First published in The Independent on Sunday, 26 October 2008

Once again Gordon Brown has energy policy all wrong. Even before OPEC announced an output cut of 1.5 million barrels per day, the prime minister had denounced the move as “absolutely scandalous”, fearing it would force the oil price higher just as the world slides into recession.

He needn’t have worried, since the cost of crude continued to fall on Friday to $64 per barrel. But what Mr Brown fails to grasp is that the recent collapse is as damaging in its way as the previous spike, and that had OPEC managed to boost the oil price it would have done us all a favour.

A falling oil price has real short term benefits. Petrol has dropped below £1 per litre for the first time in almost a year; domestic heat and power bills should eventually follow; food prices and inflation should also ease, giving the monetary authorities greater freedom to cut interest rates.

But these benefits may prove fleeting because the collapsing oil price is bad for supply in the medium term. The cost of building new oil production capacity has soared in recent years, and many planned projects that were viable just a couple of months ago are uneconomic today. Christophe de Margerie, chief executive of Total, recently warned that if the oil price settles at $60, “a lot of new projects would be delayed”.

Others put the investment bar much higher, and that means the oil supply could soon fall short of demand – depending on the severity of the recession – forcing the oil price sharply upwards once more. A recent research note from Barclays Capital argues that if oil prices stay below $90, large amounts of expected oil production capacity will not be built, and “the world faces a serious supply side crunch as little as two years away”.

The oil price collapse threatens not only the oil supply, but also renewable energy projects, because their viability is judged against the cost of electricity produced from natural gas, which is itself determined by oil. So wind farms face yet another hurdle, just as Ed Miliband, the Secretary of State at the recently created Department of Energy and Climate Change, has raised Britain’s commitment to cut emissions to 80% by 2050.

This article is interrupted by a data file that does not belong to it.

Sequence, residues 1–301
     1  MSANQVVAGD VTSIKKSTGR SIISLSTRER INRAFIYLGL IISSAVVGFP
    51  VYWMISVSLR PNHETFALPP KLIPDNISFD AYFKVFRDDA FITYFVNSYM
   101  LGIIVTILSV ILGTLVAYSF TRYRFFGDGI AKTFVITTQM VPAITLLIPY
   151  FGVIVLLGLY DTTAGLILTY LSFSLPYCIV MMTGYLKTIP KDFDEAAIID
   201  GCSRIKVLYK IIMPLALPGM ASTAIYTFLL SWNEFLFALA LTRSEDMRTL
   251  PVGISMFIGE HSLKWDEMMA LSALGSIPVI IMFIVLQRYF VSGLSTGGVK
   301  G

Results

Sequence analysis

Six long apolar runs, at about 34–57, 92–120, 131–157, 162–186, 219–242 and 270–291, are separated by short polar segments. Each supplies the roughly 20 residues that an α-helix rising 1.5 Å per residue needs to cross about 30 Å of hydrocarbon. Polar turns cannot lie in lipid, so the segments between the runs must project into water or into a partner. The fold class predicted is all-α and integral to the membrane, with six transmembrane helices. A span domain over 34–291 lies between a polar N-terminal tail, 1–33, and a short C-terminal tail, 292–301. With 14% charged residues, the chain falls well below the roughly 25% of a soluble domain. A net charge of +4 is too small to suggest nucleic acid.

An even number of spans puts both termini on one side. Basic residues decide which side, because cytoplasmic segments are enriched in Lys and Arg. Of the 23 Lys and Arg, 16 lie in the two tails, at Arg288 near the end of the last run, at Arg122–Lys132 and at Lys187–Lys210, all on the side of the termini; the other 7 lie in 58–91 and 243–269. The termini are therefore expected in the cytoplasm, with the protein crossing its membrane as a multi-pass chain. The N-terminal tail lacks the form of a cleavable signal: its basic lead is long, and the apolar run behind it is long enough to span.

Like low oil prices, high oil prices are a mixed blessing. On the one hand they spur conservation: America is now consuming almost a million barrels per day less than a year ago. On the other, they cause recessions: oil price spikes have precipitated every major downturn since WWII. What’s needed, then, is a ‘Goldilocks’ oil price – say $100 per barrel – high enough to sustain capacity and moderate consumption, but not so high that the economy tanks.

But don’t hold your breath. OPEC, for all its fearsome reputation, has never had the discipline to keep oil prices high for long. Even if the cartel cuts enough officially to compensate for falling demand, its members always cheat on their quotas. What is more certain is that whenever the economy revives, OPEC will again struggle to raise output – the cause of the recent spike to $147.

Non-OPEC oil production is widely expected to peak around 2010, and the cartel is likely to reach its geological limits soon after. We are condemned to a sickening rollercoaster of oil price spikes and economic slumps until we finally rid ourselves of our dependence on petroleum.

Gordon Brown has just shelled out £500 billion to bail out some dodgy bankers. Surely we can afford whatever it takes to get off the black stuff?


  • Is there somewhere we ordinary people can plot the elasticity of demand and supply curves of oil in the short, medium and long term?

    The up spike was based on no upward supply elasticity in the face of elastic upward demand. The down spike is the short term down elastic demand due to recession.

    BUT, is demand really going down? a few less journeys, few few less new things in the west, but what if China India etc use the freed capacity to service their local market. They do not have balance of trade problems, nor government deficit problems. They can even enjoy lower commodity prices for a while.

    Looking long term, if they raise their consumption faster, their momentum could mean devastating competition for resources once (if) the west get their act together again.

    BTW, up to a few weeks ago I was the most pessimistic person in my circle about the future of western civilisation. In the last 3 weeks, there has been at least one person MORE pessimistic than me! Even to the point of stocking up on enough rice, pasta beans and cooking oil for 3 months!

  • David,

    You are quite right. If you visit and view the charts, I think we might conclude that non-OPEC liquids extraction has already “peaked”. If (big IF) OPEC cuts back 1.5 million bopd, then it will be interesting to see whether “peak” already occured in 2006 or whether this has happened during 2008.

    With the latest downward price shock, so much expensive capacity will close and so many new “big project” investments will be cancelled or delayed that it is hard to see how the depletion effect can be balanced by new big projects coming on line.

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